(2nd Century Greek Bishop Who Developed Christian Theology and Defined Catholic and Orthodox doctrines of the Apostolic Churches)
Born In: İzmir, Turkey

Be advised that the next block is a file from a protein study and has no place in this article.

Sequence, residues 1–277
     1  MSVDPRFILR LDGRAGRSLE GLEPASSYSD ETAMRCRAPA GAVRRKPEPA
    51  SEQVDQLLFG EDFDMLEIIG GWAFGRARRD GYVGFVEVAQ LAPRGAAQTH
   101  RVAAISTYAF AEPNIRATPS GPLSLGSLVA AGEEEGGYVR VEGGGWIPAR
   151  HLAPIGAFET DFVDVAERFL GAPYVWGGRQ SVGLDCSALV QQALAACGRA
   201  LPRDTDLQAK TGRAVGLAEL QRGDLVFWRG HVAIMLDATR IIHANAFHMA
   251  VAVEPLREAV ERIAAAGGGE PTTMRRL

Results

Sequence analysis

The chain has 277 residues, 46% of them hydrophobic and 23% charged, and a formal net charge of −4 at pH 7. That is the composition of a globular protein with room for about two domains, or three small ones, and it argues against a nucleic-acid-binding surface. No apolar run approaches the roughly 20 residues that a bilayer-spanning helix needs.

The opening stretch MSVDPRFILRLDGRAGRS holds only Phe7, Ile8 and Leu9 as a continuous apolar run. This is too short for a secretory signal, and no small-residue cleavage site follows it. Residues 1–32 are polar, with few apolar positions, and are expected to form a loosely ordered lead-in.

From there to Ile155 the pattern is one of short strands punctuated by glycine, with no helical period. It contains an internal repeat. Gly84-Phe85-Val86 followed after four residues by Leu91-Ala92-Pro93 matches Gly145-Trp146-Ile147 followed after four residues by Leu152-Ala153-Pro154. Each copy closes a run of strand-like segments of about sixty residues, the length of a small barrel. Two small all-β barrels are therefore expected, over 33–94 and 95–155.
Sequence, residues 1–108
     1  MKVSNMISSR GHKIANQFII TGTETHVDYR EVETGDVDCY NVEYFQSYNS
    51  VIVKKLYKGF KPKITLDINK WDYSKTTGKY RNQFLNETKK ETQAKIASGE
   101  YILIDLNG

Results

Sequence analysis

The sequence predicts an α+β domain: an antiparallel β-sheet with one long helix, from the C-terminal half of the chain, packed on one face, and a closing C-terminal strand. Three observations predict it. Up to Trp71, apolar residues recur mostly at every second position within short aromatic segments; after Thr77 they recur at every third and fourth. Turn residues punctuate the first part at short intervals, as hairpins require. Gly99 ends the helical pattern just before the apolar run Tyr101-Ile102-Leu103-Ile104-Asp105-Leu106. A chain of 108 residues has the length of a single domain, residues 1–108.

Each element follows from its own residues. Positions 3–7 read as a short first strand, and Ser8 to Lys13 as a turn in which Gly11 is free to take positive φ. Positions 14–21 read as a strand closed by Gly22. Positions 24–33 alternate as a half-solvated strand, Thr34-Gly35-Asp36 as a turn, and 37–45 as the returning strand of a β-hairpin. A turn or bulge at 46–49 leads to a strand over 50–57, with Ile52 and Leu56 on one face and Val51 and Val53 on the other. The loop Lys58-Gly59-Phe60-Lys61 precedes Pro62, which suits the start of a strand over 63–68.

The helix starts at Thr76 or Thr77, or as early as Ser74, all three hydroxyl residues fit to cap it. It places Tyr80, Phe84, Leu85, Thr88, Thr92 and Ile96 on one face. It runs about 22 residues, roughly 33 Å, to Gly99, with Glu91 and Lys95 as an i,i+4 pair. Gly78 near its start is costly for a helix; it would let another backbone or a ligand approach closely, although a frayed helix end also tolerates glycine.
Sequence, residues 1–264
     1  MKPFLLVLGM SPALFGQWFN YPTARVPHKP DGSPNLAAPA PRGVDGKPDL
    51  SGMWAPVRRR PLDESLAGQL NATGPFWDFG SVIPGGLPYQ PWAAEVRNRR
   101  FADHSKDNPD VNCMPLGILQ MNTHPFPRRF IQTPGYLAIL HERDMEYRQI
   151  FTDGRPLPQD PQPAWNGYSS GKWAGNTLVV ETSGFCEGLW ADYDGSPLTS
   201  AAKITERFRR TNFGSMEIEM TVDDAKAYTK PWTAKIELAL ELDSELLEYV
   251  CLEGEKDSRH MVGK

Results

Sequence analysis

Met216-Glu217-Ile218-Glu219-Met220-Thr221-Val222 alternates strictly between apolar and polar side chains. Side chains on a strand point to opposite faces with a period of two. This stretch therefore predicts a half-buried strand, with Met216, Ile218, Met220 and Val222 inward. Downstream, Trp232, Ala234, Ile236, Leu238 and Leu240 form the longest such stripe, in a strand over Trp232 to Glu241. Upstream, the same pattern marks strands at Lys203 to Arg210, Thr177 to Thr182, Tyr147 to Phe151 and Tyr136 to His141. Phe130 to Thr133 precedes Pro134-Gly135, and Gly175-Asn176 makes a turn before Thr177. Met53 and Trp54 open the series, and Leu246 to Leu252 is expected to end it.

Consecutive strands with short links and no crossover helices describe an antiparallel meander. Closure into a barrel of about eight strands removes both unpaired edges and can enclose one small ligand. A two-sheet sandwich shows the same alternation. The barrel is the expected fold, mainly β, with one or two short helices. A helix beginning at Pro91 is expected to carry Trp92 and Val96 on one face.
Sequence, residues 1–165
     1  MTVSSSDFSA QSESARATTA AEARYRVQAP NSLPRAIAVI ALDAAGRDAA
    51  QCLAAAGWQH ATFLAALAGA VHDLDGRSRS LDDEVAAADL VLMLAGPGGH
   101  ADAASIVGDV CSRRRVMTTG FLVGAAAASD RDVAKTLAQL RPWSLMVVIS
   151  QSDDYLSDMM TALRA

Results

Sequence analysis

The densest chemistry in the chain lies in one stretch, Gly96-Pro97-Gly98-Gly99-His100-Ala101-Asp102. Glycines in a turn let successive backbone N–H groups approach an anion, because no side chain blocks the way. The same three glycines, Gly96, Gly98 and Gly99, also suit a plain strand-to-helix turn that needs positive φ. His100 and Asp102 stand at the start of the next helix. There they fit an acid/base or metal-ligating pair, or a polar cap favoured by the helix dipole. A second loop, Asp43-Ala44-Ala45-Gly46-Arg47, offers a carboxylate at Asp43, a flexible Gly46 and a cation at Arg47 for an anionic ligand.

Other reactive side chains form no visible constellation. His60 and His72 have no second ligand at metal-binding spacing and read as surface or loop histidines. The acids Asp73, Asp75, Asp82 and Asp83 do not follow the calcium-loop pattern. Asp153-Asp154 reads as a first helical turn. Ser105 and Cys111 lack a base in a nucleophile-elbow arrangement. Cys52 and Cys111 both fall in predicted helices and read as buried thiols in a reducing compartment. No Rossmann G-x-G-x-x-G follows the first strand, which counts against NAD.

Irenaeus was a famous Greek apologist against the Gnostic movements of early Christianity, and the bishop of the Roman city of Lugdunum in the province of Gaul, presently Lyon, France. The foremost Christian theologian of the 2nd century, he is best known for his work ‘Adversus Haereses’ (Against Heresies), written circa 180 AD. Almost all of his writings were denunciations of theological rivals that challenged the emerging Christian orthodoxy, in concordance with the Church of Rome. He is credited with one of the earliest lists of the biblical canon that includes all the four gospels, which is now part of the New Testament. He was also among the first to use the principle of apostolic succession to refute heretics and theological opponents - which professes that bishops are the direct and uninterrupted line of succession from the Apostles of Jesus Christ, and that their exclusive authority and special powers were handed down to them from the apostles themselves. Irenaeus is arguably the most important link between the apostolic church and later Christianity, as well as the obvious connection between eastern and western orthodoxies owing to his place of origin and his seminal work to strengthen the Catholic church.